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The Collation

So much for goats, or, cute creatures in coats of arms

John Guillim’s partial manuscript draft of A Display of Heraldry (ca. 1610) was featured in our recently closed exhibition, “Symbols of Honor: Heraldry and Family History in Shakespeare’s England.” We showed an opening depicting “Fishes skynned” and “Crusted fishes” and compared it to a similar opening in the printed Display of Heraldry (London, 1611).

Examples of suitable fish for coats of arms, both "crusted" and "skinned."

Examples of suitable fish for coats of arms, both crusted and skinned. Folger MS V.b.171, fols. 79v-80r.

This was a difficult decision, since the fish were competing against so many other completely wonderful monsters, mammals, birds, minerals, plants, trees, fruits, stars, elements, and humors—as well as buildings, clothing, tools, weapons, and other “artificial” charges.

Below are a few of the animals and insects from Guillim’s draft, beginning with a unicorn (which in my household is definitely considered a real animal). Eventually the manuscript will be digitized and transcribed in full and you’ll be able to see and search all images and text.

IMG_20141119_105651 unicorn

“So muche for Goates.” Now to unicorns.


Wonderful! I can’t answer Heather’s questions. But the boar has one anatomical feature that is also found on the sterling silver heraldic animal on the cover of the Folger’s copy of STC 2106. Was it traditional to include the phallus of heraldic animals?

Richard M. Waugaman — November 20, 2014


It is not the phallus which is depicted, but the sheath which contains it. In other words the phallus is not “in action”, as you possibly suggest. The sheath is always displayed for male animals, simply as a clue (or attribute) to inform the observer that male animals are being depicted. Thus lions always have them. Indeed it would insult the heraldic lion not to be shown without the attributes of his masculinity and ferocity: sheath, canine teeth, mane, tongue. Important attributes for boar are thus tusks, sheath snub-nose, cloven hooves and general shape. The gender of a beast is a primary characteristic to farmers today, as it was to a wider population in olden times, who depended on live animals all around them, for food, transport, clothing etc. Gentlemen involved themselves in their own farming and breeding operations, as a wealthy man today takes an interest in the performance of his fleet of sports cars. Guillim would have known the commoner farmyard animals from much personal experience. Bats, etc., perhaps not so much! There are however rare examples of the phallus itself being used in heraldry, the human one, in mediaeval Hungarian heraldry, the mocking arms of the Várallyay István from 1599. And of course testicles too, canting arms of Coglione. See Wikipedia: Category:Male human genitals in heraldry.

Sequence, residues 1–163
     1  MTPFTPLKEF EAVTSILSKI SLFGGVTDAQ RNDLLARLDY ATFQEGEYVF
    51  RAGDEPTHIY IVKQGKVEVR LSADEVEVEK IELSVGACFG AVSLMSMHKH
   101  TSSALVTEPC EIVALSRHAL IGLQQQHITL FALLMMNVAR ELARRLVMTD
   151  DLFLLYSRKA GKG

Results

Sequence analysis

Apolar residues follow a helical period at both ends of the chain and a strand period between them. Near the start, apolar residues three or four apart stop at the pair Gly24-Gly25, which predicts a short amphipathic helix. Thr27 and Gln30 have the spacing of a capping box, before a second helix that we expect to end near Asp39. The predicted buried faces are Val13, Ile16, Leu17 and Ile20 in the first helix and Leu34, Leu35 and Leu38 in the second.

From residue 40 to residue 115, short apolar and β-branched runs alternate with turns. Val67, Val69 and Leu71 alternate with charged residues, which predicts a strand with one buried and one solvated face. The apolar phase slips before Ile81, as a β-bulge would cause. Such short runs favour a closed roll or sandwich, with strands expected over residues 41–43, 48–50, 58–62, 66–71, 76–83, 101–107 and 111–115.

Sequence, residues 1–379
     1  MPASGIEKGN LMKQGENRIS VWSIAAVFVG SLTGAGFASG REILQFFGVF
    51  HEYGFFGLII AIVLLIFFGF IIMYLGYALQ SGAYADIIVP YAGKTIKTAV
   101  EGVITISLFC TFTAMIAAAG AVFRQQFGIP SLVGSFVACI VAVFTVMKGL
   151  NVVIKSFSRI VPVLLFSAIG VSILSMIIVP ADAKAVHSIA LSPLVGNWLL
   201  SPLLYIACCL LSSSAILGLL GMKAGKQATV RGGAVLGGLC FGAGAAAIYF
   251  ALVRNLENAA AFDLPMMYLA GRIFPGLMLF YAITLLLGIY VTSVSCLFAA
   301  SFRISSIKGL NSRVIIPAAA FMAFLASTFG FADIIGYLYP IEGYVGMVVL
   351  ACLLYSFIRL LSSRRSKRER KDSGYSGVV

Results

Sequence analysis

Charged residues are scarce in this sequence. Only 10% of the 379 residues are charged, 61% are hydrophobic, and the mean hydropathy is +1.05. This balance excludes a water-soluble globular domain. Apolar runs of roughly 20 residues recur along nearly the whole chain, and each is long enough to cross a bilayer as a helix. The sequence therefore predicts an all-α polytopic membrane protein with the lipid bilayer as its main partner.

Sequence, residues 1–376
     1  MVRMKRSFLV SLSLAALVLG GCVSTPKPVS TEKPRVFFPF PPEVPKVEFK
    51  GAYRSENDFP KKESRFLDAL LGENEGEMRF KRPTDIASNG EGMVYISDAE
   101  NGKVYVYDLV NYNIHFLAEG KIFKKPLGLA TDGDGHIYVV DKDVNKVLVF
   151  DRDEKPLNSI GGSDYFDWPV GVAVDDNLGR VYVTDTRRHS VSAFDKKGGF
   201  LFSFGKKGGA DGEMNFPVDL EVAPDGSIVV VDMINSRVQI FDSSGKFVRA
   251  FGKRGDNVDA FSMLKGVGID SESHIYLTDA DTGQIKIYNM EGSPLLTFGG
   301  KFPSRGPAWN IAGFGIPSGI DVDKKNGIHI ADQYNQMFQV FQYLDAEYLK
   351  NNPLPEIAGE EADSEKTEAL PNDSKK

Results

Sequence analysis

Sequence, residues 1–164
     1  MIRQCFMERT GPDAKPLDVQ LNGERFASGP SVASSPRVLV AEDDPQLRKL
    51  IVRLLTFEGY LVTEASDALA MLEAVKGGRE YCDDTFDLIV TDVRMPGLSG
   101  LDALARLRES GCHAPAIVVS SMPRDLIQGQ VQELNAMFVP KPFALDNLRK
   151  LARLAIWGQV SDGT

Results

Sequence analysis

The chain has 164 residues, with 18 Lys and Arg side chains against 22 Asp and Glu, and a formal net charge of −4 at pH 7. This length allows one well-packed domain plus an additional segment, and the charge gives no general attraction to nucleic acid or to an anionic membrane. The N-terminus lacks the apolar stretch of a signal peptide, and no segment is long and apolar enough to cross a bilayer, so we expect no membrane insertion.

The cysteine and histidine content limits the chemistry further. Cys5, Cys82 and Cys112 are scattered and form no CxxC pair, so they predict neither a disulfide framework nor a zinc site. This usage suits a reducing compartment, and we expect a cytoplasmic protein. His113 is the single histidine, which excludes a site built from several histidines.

Peter Chantler — October 3, 2016


It would be interesting to find out if Guillim was representing a real insect in his depiction of the butterfly (even if the colors are imaginative). Typically, butterflies do not spread their wings when at rest (as shown here!) while moths do. However, one species of butterfly, the skipper butterfly, does rest with wings spread. It also has folded-back antenna tips like those shown here.
(My old part-time job for an entomologist is finally coming in handy…)

Dianne Mitchell — November 23, 2014


“… In his elaborate classification system …” – The problem with these “stewards of heraldry” was that they classified a system that often had been developed without a guidebook in the first place. Since certain heraldic “implements” behooved only a certain class of nobility and not others (a bit like in military ranks the lapels etc. tell you who you deal with) the classification was a contested area in which legal wrangles and hurt pride played a role. Also there were veiled hints at e.g. “bastard” sons who had been installed in a certain noble role by their noble fathers as well as normal citizens who had been promoted e.g. to knighthood and whose coat of arms must not suggest too much of an “ancient lineage” all the way not betraying its symbolism to the simple peasant etc. The office of record-keeper for heraldry often was disputed as well as their decisions as sometimes they also held grudges against certain noblemen (or so these thought) that led them to deny certain symbols in coat-of-arm redesign or when through marriage or inheritance one noble house acquired the rights to another heraldic tradition and wanted to ultimately merge the two etc.

Maureen Coffey — December 16, 2014


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